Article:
Good email can take the ISP fast lane

Good email can take the ISP fast lane

Summary: Comcast, Cox Communications, Time Warner Cable's Road Runner and Verizon have joined Yahoo and AOL in adopting the CertifiedMail reputation program from Goodmail Systems.Courtesy of Slashdot's "something-to-think-about dept," CmdrTaco asks What Happens If You Don't Pay for Goodmail?

TOPICS: Collaboration

Comcast, Cox Communications, Time Warner Cable's Road Runner and Verizon have joined Yahoo and AOL in adopting the CertifiedMail reputation program from Goodmail Systems.

Courtesy of Slashdot's "something-to-think-about dept," CmdrTaco asks What Happens If You Don't Pay for Goodmail?  (Read CmdrTaco's blog for an objective analysis of both sides of the debate.) 

[Here's] the Catch 22: If an ISP gives the same deliverability to non-Goodmail-certified messages, then who's going to use it? On the other hand, if an ISP gives better deliverability to Goodmail-certified messages than to other messages (much more likely), then they are to some extent misrepresenting the services they sell to their users, since users expect an ISP to make the best effort to deliver all legitimate e-mails, not just the ones from paying senders.

A Moyers on America article provides an analogy in describing Net Neutrality. The analogy is equally applicable to reputation-based email:

For those companies that pay the fee, their content would breeze through the fast-pass lane at the toll bridge, reaching users more quickly; those who don't pay will be stuck in the crowded, slow-moving line, and users will have to wait longer for their content to load.

An email message travels many Internet roads to reach its destination. During its journey, it "stops" at way stations -- many of which are ISPs. Within the inner sanctum of Sender Reputation stakeholders, Goodmail has earned a marketing coup. It is a long way to the finish line (of protocol acceptance); however, Goodmail's marketing coup was picked up by the trade press and perception (positive or negative) can appear to be reality.

Topic: Collaboration

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  • It's the bulk, actually

    GoodMail's main "product" appears to be a sort of "Good Housekeeping Mark of Approval" for "good bulk mail."

    Individual senders aren't really relevant. If an individual sender could get GoodMailed by virtue of sending through his ISP's mail servers the next thing we'd all see was lots and lots of "GoodMail Approved" fast-track spam from 0wn3d computers (which use ISP mail servers and are already a huge source of spam.)

    Which means that for someone like me, a GoodMail mark on a message is very valuable indeed, since I can immediately route it to /dev/null -- it's bulk, it's trash.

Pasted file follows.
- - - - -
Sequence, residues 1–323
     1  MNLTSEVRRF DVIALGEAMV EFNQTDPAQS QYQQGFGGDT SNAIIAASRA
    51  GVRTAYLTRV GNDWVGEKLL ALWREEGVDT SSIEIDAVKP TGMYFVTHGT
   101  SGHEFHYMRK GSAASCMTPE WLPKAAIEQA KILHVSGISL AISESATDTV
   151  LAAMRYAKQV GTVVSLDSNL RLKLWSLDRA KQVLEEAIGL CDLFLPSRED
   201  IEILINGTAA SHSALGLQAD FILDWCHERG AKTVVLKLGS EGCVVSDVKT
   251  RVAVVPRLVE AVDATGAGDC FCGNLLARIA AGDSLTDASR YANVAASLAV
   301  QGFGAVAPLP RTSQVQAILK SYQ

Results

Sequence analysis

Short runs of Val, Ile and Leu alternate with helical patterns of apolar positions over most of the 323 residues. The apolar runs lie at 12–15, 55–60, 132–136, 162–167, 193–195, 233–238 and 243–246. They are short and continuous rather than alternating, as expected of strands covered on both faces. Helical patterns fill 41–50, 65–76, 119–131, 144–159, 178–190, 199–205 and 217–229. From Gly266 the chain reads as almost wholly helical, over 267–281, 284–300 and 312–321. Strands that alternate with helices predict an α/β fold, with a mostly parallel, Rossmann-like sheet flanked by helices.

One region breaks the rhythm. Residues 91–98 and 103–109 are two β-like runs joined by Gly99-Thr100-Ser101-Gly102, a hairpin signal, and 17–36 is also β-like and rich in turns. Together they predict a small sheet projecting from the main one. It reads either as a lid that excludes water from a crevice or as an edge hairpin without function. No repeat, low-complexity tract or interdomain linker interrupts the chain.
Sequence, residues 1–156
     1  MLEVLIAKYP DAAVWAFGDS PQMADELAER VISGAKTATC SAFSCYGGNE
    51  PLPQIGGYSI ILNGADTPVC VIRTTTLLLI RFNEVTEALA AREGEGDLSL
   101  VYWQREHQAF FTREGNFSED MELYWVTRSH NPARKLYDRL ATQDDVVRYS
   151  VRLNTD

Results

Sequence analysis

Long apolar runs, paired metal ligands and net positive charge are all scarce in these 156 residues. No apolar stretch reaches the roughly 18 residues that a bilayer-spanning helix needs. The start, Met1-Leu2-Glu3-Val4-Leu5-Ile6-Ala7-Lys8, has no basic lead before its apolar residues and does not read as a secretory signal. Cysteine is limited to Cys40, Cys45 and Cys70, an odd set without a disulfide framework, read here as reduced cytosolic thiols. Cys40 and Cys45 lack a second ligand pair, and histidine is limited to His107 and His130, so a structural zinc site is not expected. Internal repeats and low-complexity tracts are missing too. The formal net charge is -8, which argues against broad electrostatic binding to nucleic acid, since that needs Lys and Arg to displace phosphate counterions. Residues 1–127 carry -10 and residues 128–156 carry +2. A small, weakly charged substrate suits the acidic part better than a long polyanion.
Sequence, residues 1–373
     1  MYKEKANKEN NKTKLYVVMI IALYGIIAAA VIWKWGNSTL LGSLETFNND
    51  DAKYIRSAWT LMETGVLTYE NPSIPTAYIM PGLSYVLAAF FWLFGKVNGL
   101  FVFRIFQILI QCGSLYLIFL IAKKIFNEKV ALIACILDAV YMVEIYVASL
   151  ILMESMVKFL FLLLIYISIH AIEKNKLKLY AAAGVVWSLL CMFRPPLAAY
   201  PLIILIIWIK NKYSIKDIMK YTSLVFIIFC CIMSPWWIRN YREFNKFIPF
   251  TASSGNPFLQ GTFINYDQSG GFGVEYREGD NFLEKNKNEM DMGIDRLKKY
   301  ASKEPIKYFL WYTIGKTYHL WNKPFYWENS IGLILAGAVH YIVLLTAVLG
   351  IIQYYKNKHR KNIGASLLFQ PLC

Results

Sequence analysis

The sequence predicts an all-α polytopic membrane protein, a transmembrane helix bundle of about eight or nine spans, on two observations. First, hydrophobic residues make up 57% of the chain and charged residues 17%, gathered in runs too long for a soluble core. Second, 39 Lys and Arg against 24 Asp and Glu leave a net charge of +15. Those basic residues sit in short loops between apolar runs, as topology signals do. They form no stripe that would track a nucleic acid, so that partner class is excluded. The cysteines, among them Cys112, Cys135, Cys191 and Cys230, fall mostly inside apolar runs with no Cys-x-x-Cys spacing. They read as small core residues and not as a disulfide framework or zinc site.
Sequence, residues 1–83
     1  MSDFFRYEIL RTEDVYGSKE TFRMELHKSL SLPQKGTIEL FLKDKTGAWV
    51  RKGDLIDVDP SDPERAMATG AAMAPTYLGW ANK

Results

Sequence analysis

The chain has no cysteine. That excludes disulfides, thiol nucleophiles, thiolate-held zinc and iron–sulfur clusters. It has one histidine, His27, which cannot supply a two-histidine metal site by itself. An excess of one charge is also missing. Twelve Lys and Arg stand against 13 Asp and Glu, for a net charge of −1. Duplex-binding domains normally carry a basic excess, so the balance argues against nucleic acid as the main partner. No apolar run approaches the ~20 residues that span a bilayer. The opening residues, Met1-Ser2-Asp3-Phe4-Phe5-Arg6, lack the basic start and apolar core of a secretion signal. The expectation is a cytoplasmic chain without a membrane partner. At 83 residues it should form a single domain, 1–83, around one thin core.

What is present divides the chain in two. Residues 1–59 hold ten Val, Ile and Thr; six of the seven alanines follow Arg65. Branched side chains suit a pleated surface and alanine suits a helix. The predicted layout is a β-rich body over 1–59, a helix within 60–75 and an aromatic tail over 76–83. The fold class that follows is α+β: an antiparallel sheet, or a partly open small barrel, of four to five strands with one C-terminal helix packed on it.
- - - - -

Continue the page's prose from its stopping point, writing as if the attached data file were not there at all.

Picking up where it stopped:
Yagotta B. Kidding
    • "Good Housekeeping Seal of Approval"

      Hi Yagotta,

      You are correct that Goodmail provides a "Good Housekeeping Seal of Approval" for email messages. To qualify for the "Good Housekeeping Seal of Approval," applicants must meet certain criteria, which is analogous to the Goodmail model.

      It's not the ISP that certifies the "good" reputation of the email message. Rather it is the company called Goodmail that certifies the reputation of the sender's email messages. That sender (and Goodmail customer) is not an individual, rather an organization that sends out lots of legit email messages (e.g., legit email marketers, local government, email newsletters from your hospital -- messages that you, the individual, opted-in to receive).

      The legit email marketers that wish to be Goodmail customers must meet Goodmail accreditation process (See

      A sender of spammy mail would not pass the Goodmail certification process. So, they'd not get the "Goodmail Housekeeping Seal of Approval."

      Thanks again, Yagotta, for commenting. BTW... your comments will never be routed to /dev/null :)

      - M.
  • 1/12 penny per emaiL???

    For double optin paying customers?
    You have GOT to be kidding.

    Why not take a stick and take the money that way!!!!!
    • As Mae West said, "Goodness had nothing to do with it"


      As you know... When you double opt-in, you are saying "Yes, I want to receive email stuff from you and, yes, that was me that signed up for it." This is all goodness for both you and the company sending you the requested email messages.

      The idea behind Goodmail is that they collect money from the company sending the emails to you. This is separate and apart from you (the consumer) opting-in.

      You bring up a good point though... If you have subscribed to a for-fee service, like a newsletter, from the Acme Company, which is sent to you via email [b]and[/b] Acme is a Goodmail customer -- would Acme push back some of the cost to its subscribers?

      Read "Will honest mail ever prevail? It gives more information on the workings of reputation companies like Goodmail.

      You've given me some ideas to think about.

      - Maurene